Published: March 11, 2023 on our newsletter Security Fraud News & Alerts Newsletter.
The 2022 summer season saw three nuclear research facilities in the United States targeted by phishing attacks seemingly originating with the Advanced Persistent Threat (APT) actors, Cold River (also known as Calisto). This group, which has been linked to Russia, targeted Argonne National Laboratory, Brookhaven National Laboratory, and Lawrence Livermore National Laboratories; all organizations that work with the U.S. Department of Energy.
What happened? Cold River designed fake login pages for these organizations and sent spear-phishing messages to several nuclear scientists with the intent to lure them into supplying their login credentials and passwords. Whether or not these attempts were successful is unknown at this time, as the organizations concerned declined to comment on the issue; perhaps for good reason.
Both intelligence groups and cybersecurity experts have noted an escalation in attacks that can be credited to Cold River since Russia's invasion of Ukraine. In March 2022 the Google Threat Analysis Group (TAG) identified this APT as being responsible for both malware and phishing attacks that affected countries in Eastern Europe (including Ukraine) and other NATO members.
The targets of these increased attacks included Eastern European militaries, as well as a NATO Centre of Excellence. Also targeted were a Ukrainian defense contractor and numerous U.S.-based think tanks and non-governmental organizations (NGOs).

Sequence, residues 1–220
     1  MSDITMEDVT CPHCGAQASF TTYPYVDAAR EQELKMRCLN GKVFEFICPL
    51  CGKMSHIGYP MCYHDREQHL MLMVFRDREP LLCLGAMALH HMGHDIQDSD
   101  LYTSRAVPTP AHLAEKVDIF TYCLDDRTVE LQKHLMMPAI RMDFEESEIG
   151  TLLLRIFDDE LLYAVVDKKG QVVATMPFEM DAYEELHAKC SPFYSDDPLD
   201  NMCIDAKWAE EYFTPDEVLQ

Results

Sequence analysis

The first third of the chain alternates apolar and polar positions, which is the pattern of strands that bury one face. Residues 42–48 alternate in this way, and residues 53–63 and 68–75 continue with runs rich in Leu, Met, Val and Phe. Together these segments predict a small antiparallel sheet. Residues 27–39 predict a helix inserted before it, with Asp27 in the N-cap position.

Cybersecurity experts at Google have noted that this is the first time that cyber-attacks by so-called “cyber spies” have targeted NATO and Eastern European military structures. However, it isn’t likely the last.
What does this mean? Generally, any time there are attacks against critical infrastructure, it should raise some alarms. While some instances can be purely coincidental or accidental (i.e. the attackers didn’t actually know what organization they were targeting), many are very specific with very damaging intent. These are supposed to be very secure and if they are put out of service, it can very detrimental effect. Think about the water supply or power grid. These are supposed to keep modern society safe and functioning without harm. They provide services that do this and largely are taken for granted day-to-day. They affect everything from food and water to manufacturing plants and basic utilities.
In 2019, hackers infected India’s biggest nuclear facility with DTrack spyware. It’s suspected they stole important data that they may have sold to terrorists or others with not-so-noble intent.
Any organization can be a victim of a cyberattack. It doesn’t matter the size or the industry. However, if you are in an industry that is critical to help keep society functioning, or have critical data to protect, it’s also critical to stay on top of updating systems, keeping antivirus active and updated, and making sure all employees, regardless of level, are educated on how to identify phishing and other cyber threats.
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